We Wrote a Book for Kids
Great news, our new book is hot off the press and ahead of schedule. Say Cheese, a kid's guide to cheese making, is now available to order.
We've been dreaming about co-authoring a kid's cheese making book for years. Now, our dreams are coming true. After lots of hard work, we're excited to announce the release of our new book, Say Cheese, a Kid's Guide to Cheese Making.
It's full of fun, easy to follow recipes, science, history, geography and more. From milk to yum it offers hands on learning for kids of all ages.
This book has been made possible because of you, and we want to say, thank you. You have helped grow an amazing community of cheese makers around the world. This community inspires and encourages us everyday. Because of you, we're able to set extremely cheesy goals and have fun along the whey. From the bottom of our hearts we truly are thankful for all of your support, it means the world to us.
- Ricki & Sarah
Cheese Making Recipe of the Month
In many stores we see a commercial version of Brie, made by machines with milk that could be better, and aging that's focused more on getting to market and longer shelf life than what Brie was traditionally.
Being Cheese makers you have the option to select our milks and manage the process without retail restraints. So, in this recipe, I'm focusing on making a traditional Brie that stands out from the crowd.
Cheese Making Questions & Answers
Can My Cheese be Pressed Longer
Q. I'm pressing my cheese and I have to press it for 12 hours. That means it will be done at 2am and then I have to put it in a brine for 24 hours. My question is - can I let it press until I get up at 5:30am?
A. Since it is the final press phase, it should not be a problem. But, it is important to keep the schedule for the earlier pressings.
How to Care for Aging Blue Cheese
Q. My blue cheese has been aging for 2 weeks at 54F and the mold on the outside is growing like wildfire. There are lots of good open cragsthroughout, too. My question is whether to keep the exterior relatively clean by wiping it down with salt/vinegar solution/brushing or just let it go and scrape it clean in a month or two?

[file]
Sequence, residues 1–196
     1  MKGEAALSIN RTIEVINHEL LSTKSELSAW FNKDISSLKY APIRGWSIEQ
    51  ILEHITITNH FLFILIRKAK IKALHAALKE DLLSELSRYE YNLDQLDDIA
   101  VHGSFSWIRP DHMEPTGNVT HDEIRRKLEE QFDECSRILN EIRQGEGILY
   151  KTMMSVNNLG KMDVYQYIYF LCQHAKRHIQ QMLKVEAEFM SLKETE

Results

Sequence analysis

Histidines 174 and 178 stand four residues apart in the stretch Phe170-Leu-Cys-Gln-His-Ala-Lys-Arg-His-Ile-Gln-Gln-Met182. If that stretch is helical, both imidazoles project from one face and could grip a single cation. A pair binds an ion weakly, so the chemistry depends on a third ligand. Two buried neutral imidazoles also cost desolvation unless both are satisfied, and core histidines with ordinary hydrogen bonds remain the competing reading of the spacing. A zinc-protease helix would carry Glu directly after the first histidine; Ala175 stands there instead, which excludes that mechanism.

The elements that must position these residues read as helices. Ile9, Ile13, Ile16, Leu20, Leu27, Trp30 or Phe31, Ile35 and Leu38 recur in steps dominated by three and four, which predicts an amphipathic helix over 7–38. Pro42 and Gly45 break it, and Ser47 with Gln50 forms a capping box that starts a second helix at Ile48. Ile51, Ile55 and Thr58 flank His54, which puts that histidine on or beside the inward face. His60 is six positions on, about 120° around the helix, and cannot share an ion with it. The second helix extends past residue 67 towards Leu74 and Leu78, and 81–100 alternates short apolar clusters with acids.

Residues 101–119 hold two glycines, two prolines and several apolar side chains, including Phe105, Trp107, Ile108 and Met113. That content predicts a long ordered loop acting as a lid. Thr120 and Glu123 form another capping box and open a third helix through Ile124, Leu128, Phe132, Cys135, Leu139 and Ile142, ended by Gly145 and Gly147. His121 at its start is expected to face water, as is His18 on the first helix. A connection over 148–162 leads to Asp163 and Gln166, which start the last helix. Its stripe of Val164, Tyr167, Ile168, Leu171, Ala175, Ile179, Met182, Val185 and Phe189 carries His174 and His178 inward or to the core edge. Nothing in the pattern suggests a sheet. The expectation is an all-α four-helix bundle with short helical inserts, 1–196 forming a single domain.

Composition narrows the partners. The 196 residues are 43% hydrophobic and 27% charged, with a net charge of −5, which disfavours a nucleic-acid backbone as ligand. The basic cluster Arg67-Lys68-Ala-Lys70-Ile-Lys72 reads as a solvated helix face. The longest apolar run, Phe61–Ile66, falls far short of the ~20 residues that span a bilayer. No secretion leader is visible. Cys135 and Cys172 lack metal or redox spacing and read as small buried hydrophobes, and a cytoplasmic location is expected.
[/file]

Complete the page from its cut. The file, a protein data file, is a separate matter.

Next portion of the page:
A. Usually the mold slows itself down due to the surface drying. But, if it is too heavy, reduce the moisture in the air. Some blues develop a very slimy surface which can be scraped but most blues dry down eventually to a crust.
The Underside of Cheese is Damp While Aging
Q. I just made two 2 lbs wheels of cheese. Everything went very well. I made 2 lbs of farmhouse cheddar and 2 lbs of stirred cheddar. I have had them drying for 4 days and I have turned them many times. (I heat my house using wood so it tends to be drier in my home.) I have had the cheese on wooden boards, but, every time I flip the cheese, it's slightly damp on the bottom. I feel like they're not getting any drier. I keep flipping the cheese, but it’s always slightly damp on the bottom side.
A. Normally the surface will begin to darken a bit when they are dry enough. This may take from 2-7 days, depending on the cheese.
If there seems to be moisture under the cheese, this is a sign that they have begun to re-ferment. It is called late acid development. This is caused by too much moisture left in the curds when the whey was drained.
This moisture contains lactose and food for the bacteria. In the future, make sure the curds are dry enough before draining the whey. To control this - cut them smaller and stir them longer. Make sure that the curds do not feel mushy or, when broken, show a lot of moisture inside. They should be about the same dryness from the edge of the curd to the center.
Chlorinated Water Can Kill Ripening Cultures